Low Fidelity: An Interview with Bobby Grossman

grossmanTiverton’s Van Vessem Gallery and Providence’s POP: Emporium of Pop Culture are excited to announce an exhibition of Bobby Grossman’s photography, Low Fidelity. The exhibit, which opens with a reception on October 7 6pm, is a joint venture between Van Vessem Gallery and POP. The photographs will be hosted at POP’s gallery space at 219 West Park St in Providence. The exhibit also will feature a contribution from Shepard Fairey, who has previously appropriated Grossman’s photos of Debbie Harry, which she titled “Doom & Destiny.”

Rudy Cheeks: You went to RISD in the early 1970s. Did you like Providence or were you anxious to leave?
Bobby Grossman: Providence had its charm and appeal, but I was eager and anxious to return home. It was time to move on. I paid my Benefit Street parking tickets, back rent to Ben Weiss and my delinquent RISD library fines. I never looked back. I had already networked using some of my resources of friends who had already relocated to New York City. Throughout my junior year, while on breaks and vacations, I visited Madison Ave ad agencies with my portfolio. I also connected with a few record companies and magazine publishers. And I actually met up with a few artists I admired, too. In the fall of ’75, my friend Andre Talley, a Brown University graduate, introduced me to Warhol. I visited The Factory and met Andy and showed him my work. He advised me to work large. While I was there, Andy phoned Lou Reed and I taxied over to the Gramercy Park Hotel and I spent a few hours with Lou. Lou seemed to like my work also. My portfolio included a few drawings and collages of him, so why wouldn’t he? That afternoon Lou treated me to  a premixed Coney Island Baby on his black boom box. It sat beside a TV on his dresser alongside a stack of Richard Pryor cassettes and a line-up of prescribed medication. I was awestruck. Over the years I would see Lou around town, but I never knew him very well and it was never as special as this first meeting.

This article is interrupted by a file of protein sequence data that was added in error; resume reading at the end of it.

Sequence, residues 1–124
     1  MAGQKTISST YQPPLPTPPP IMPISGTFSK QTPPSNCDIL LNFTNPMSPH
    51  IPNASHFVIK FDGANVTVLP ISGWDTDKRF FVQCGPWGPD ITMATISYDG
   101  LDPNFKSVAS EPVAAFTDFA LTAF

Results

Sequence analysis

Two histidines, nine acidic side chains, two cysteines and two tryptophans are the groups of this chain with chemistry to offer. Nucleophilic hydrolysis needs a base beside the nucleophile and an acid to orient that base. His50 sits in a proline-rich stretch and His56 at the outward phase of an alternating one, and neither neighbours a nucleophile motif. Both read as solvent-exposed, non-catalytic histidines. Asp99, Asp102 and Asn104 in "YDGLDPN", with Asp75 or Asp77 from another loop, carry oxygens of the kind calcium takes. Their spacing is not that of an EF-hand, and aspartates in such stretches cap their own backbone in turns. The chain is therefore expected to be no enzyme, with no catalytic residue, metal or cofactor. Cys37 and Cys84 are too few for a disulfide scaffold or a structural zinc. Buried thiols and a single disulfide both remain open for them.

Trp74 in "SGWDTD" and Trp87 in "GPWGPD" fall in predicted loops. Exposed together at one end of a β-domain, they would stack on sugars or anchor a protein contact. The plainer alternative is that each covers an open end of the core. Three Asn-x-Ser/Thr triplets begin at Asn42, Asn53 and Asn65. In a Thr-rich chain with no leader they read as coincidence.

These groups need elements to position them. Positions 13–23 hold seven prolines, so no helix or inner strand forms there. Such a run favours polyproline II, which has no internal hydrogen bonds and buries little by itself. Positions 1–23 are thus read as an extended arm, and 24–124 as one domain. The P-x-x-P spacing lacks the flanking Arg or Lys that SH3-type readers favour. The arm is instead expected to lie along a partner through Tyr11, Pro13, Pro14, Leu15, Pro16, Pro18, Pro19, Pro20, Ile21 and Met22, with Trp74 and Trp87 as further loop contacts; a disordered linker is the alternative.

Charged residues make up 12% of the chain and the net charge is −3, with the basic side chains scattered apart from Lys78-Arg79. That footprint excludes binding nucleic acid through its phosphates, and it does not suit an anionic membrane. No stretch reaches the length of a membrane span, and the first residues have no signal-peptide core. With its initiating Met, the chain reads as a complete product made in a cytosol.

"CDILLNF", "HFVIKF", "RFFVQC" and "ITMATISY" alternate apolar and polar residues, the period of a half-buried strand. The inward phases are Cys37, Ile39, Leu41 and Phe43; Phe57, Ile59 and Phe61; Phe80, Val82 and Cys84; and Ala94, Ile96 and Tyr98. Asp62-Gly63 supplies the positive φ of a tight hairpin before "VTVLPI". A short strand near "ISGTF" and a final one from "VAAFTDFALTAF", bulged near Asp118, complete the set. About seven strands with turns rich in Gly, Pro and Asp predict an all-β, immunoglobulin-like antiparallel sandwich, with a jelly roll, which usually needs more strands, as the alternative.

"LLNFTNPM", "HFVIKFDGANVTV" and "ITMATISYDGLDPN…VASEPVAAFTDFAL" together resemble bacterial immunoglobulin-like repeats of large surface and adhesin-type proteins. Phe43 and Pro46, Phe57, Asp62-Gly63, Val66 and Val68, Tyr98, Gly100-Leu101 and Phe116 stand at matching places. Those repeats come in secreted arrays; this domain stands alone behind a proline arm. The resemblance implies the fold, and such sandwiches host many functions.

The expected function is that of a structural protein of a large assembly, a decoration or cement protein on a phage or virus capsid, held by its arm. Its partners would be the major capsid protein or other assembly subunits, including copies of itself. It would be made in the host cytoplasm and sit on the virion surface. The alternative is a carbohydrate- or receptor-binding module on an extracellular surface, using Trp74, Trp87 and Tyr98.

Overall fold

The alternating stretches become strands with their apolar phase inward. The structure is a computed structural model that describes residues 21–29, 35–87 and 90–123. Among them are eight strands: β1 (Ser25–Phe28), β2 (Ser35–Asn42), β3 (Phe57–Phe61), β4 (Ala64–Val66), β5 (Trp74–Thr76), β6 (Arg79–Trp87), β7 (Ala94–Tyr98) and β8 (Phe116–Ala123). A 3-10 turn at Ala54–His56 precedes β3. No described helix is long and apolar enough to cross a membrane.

RC: After moving to NYC, you were got interested in photography (you studied illustration). You were hanging out with the bands at CBGB and other venues. Any stories about those days?
BG: My downtown introduction to the CBGB music scene began with Talking Heads. Chris invited me down for their first and early shows. A few years later, with assistance from Tina and the band, I helped create the Psycho Killer 45 and EP. I think I was the only who photographed them in the recording studio for “Talking Heads ’77.” After a few early achievements I abandoned the illustration. I didn’t really know what was to come of it but I had more ambition documenting the downtown art and music scene than my career of choice. CBGB was the best, it was like home, our neighborhood bar. I think I was there every night for two years. It was quite a run. But one night in 1979, Glenn O’ Brien’s TV Party was on location at Hurrah on 66th – Broadway. Jim Fouratt phoned to inform me that David Bowie would be at the club that evening but I already knew since Glenn told me. Later that night everyone was hanging out and talking with David, but I stood on the sidelines like a wallflower since I didn’t want to be amongst the cluster socializing with him. A few moments later David approached me but I was looking away. In a playful manner he shoved me. And with this introduction, to break the ice he said, “You’re a snob.” We talked briefly and I gave him my card. David Bowie called ME, “a snob!” How cool is that?
RC: Your Kellogg’s Corn Flakes series got a lot of praise and attention. Did you just sort of stumble into this or were you thinking that maybe you could make a living doing photography?